Independent filmmaking’s favorite weirdo, Tilda Swinton is the pale, ghost-like Englishwoman that so many casting directors have flocked to in recent years. With nearly 100 acting credits to her name over the course of a career that has been going strong since the mid-80s, Swinton is currently one of cinema’s most valuable assets. She’s even managed to make her way into the Marvel Cinematic Universe, somehow. While she might appear in bigger films from time to time, there’s no denying that filmmakers who allow Swinton to work in interesting roles end up with far greater end results. She’s not afraid to play someone old, someone young, someone human, or someone alien. Swinton’s range is impeccable and her talent immeasurable. Her filmography is proof enough.
The Grand Budapest Hotel
Her second of multiple collaborations with Wes Anderson, Tilda Swinton is almost completely unrecognizable in 2014’s The Grand Budapest Hotel. Starring in an important role as Madame D., Swinton is donned in prosthetics that completely transform her from a middle-aged woman to an elderly one. It’s one of the most absurd things she’s done so far… until Suspiria rolled around in 2018.
Her first Wes Anderson film is actually somewhat normal. Swinton is playing a character referred to and credited as Social Services, showing up to take a look at both families of the young couple that runs away early on in the film so they can be together without judgment or interference. Her standard brown hair is replaced with high orange curls here, but she’s otherwise more or less herself here.
From director Spike Jonze and writer Charlie Kaufman, Adaptation. sees Tilda Swinton playing Valerie Thomas, a woman in Hollywood who bought the rights to hit nonfiction book The Orchid Thief who seeks out Kaufman to write a feature film adaption of the source material. Based on his real-life struggle to make something out of the book, Adaptation. follows Kaufman as he can’t help but insert himself into the story’s narrative in order to create something meaningful. Swinton’s key here, and it’s one of the first instances of her making a real impact on American audiences.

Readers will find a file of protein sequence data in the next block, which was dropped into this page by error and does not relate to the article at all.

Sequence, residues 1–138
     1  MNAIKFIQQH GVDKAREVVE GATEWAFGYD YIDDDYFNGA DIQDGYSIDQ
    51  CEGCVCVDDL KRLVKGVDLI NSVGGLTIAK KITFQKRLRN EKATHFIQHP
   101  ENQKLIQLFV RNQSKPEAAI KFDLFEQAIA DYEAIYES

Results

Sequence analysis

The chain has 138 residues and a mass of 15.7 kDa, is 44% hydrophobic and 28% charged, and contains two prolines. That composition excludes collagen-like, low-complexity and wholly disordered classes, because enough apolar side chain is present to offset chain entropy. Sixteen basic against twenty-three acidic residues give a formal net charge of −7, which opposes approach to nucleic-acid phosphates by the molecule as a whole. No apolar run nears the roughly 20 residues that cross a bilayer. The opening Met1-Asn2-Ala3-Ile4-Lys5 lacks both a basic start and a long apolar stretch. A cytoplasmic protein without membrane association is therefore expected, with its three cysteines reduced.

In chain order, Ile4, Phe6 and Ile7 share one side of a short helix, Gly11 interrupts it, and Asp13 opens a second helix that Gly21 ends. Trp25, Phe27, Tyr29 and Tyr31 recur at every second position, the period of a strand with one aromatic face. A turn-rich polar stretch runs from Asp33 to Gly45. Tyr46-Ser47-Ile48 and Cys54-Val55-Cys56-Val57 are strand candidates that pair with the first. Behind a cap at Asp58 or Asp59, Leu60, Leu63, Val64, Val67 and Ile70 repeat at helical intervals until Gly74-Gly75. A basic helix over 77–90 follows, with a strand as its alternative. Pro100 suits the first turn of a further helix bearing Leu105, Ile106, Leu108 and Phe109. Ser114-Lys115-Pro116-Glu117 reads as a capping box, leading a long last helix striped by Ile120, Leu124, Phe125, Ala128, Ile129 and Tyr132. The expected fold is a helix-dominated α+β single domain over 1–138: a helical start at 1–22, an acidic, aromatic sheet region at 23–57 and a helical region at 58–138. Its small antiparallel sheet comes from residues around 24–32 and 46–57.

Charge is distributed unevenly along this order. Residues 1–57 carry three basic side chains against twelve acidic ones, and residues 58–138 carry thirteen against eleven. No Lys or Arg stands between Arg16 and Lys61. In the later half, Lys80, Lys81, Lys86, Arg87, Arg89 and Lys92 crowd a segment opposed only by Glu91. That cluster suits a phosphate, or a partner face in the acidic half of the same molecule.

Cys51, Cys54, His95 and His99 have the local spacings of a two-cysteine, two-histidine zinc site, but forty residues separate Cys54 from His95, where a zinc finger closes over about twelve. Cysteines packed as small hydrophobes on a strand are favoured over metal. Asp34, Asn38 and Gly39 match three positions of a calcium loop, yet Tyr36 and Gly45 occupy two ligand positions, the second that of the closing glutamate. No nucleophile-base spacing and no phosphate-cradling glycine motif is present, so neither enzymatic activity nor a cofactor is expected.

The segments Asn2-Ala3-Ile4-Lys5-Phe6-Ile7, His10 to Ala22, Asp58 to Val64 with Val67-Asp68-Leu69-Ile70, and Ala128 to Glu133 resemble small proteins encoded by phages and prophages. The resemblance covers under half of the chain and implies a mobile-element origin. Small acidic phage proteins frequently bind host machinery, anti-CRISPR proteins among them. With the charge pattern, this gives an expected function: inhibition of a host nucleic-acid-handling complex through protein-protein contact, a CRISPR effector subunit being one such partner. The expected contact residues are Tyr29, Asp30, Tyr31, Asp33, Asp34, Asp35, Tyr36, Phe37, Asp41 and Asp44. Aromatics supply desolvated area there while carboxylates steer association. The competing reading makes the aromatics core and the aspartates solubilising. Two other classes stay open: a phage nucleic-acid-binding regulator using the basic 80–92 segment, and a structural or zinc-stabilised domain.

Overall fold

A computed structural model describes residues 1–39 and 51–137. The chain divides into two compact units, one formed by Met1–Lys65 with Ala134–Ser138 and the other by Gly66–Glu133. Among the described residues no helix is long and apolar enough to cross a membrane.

Isle of Dogs
Swinton’s third Anderson project, Isle of Dogs, utilizes nothing but the actress’s voice. It’s a stop-motion animated project in the same vein as Anderson’s 2009 hit Fantastic Mr. Fox, with Swinton playing a little dog named Oracle. It’s unlike anything she’s done before, but it ends up being a really funny part.
We Need to Talk About Kevin
A compelling and oftentimes hard-to-watch drama, We Need to Talk About Kevin features an all-time great performance from Swinton. She’s the mother of a troubled kid named Kevin, a child who grows increasingly concerning as he gets older. Whether it’s the things he says or the things he does, Kevin is a real risk to Swinton’s character and everyone around them. Swinton’s a total natural here, even if the film sometimes feels a bit flimsy.
Luca Guadagnino’s 2018 remake of the 1977 cult classic of the same name sees Swinton playing multiple roles instead of one. It’s something not uncommon for her — she has a dual performance later on in this list as well as in the Coen Brothers’ 2016 comedy Hail, Caesar! — but Suspiria takes it to a whole new level. She’s a chilling headmaster named Madame Blanc, a creepy old man named Dr. Joseph Klemperer, and a third (surprise!) role, as well. This movie might not be for everyone, but it’s worth it for these performances alone.
Only Lovers Left Alive
Jim Jarmusch and Tilda Swinton are kind of like a match made in heaven. He loves to examine humanity through his own poetic lens, often operating without interference from a major studio. Only Lovers Left Alive is a 2013 vampire-rock-comedy that costars Tom Hiddleston in addition to Tilda Swinton. It’s equal parts style and substance, due largely to the talent on-screen.
Sally Potter is a filmmaker that often lays low — her movies are well-received, but they never manage to get the wide release they deserve. Still, they find an audience anyhow. Orlando, one of her earliest films, stars Swinton and Billy Zane in a period drama about a nobleman who is cursed to remain forever young by Queen Elizabeth I. It’s one of the more interesting films she’s done so far, with her performance surpassing everyone else’s in the film.
One of Netflix’s greatest original films, Okja sees Swinton playing twin sisters — both equally unpredictable and loony. Their names are Lucy and Nancy Mirando, and they want nothing but the worst for the lovable beast named Okja. It’s a touching monster movie with a heart, almost like E.T. and The Iron Giant rolled into one. Swinton’s doing her very best here and it really shows.
I Am Love
One of Suspiria director Luca Guadagnino’s earlier films, I Am Love, follows Tilda Swinton as Emma. She leaves Russia to go live with her husband in Italy, but her life still feels unfulfilling (despite being a powerful member of a powerful family). It’s a stunning film, and Swinton is part of why it feels so captivatingly bold and fresh.